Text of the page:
Ten Cost Cutting Measures In Health Care Reform Bills
by sandy, Fri Nov 13, 2009 at 08:07:37 AM EST
The newest attack on health care reform revolves around the supposed lack of cost cutting measures to curb runaway growth in health care spending despite the President's promise to make cost containment the highest priority in reform.
But the truth is, both the House and Senate bills include a variety of measures that will reduce the growth of health care costs while providing higher quality care. The Senate bill, particularly, includes a tax on high-value "Cadillac" plans which often allow costs to spiral completely out of control. Another proposal creates a commission that would make binding recommendations on wasteful Medicare spending, which has also been endorsed by the Business Roundtable.
Peter Orszag, OMB Director, says that in the discussion on health care reform and cost controls, "too often other important delivery system reforms are ignored" with the result being a failure to recognize that we are "on the verge of passing fiscally responsible health insurance reform". Mr. Orsag further stated that the current health care proposals offer "many promising ideas to improve the overall performance of the U.S. health care system" including ways to "slow long-term spending growth."
Cost containing steps, from the White House, include:
1.Penalties for high readmissions. Too often, patients are discharged from the hospital without the necessary follow-up care leading to re-hospitalization, risks to one's health, and higher costs. Under the proposals being considered, Medicare would collect data on readmission rates by hospital and would assess penalties on those hospitals with high, preventable readmission rates.
2.Bundled payments, which pay a fixed amount for an entire episode of care rather than piecemeal for each individual treatment or procedure, would help improve patient care by encouraging better and more coordinated care than under a fee-for-service system. Bills in both the Senate and the House would develop, test, and evaluate bundled payment methods through a national, voluntary pilot program. Once we see what works and what doesn't, bundled payments can be quickly scaled up across the country.
3. Quality incentives for physicians. Creating incentives in the payment system to reward quality of care rather than just the quantity of procedures. These proposals would expand quality incentives for physicians and provide more timely feedback on physician performance based on their submitted data.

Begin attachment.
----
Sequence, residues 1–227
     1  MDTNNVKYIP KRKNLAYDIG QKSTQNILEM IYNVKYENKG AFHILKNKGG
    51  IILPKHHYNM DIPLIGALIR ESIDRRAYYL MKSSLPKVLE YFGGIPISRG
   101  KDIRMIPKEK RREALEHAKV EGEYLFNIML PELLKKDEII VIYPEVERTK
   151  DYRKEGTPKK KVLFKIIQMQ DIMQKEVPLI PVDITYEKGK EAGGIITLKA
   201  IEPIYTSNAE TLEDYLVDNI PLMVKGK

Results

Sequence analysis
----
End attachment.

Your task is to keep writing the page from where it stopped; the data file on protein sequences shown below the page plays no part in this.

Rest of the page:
4. Accountable Care Organizations (ACOs). Under the current system, quality and efficiency are not sufficiently rewarded, and there is little incentive for physicians to collaborate in the coordination of patient care. Legislation in both Houses would encourage and reward ACOs, which are groups of providers that are jointly responsible for the quality and cost of health care services for a population of beneficiaries with chronic conditions.
4. Investing in research into what works and what doesn't in health care.
5. Reducing hospital-acquired infections and other avoidable health-center acquired conditions through rigorous reporting and transparency.
6. Putting prevention first, rewarding care that focuses on wellness and treating the whole patient in an integrated and coordinated delivery system.
7. Tackling the insurance bureaucracy, streamlining the payment system to save time and money that is now spent processing claims and navigating through the byzantine insurance system.
8. Establishing a health insurance exchange with a public insurance option, where individuals and small businesses can buy lower-cost insurance that will spur competition and put downward pressure on costs.
In addition, these measures build on the health care reforms that were made in the American Reinvestment and Recovery Act such as beginning the transfer from paper to digital records; strengthening preventive care and patient-centered health research; and investing in the education of primary care providers.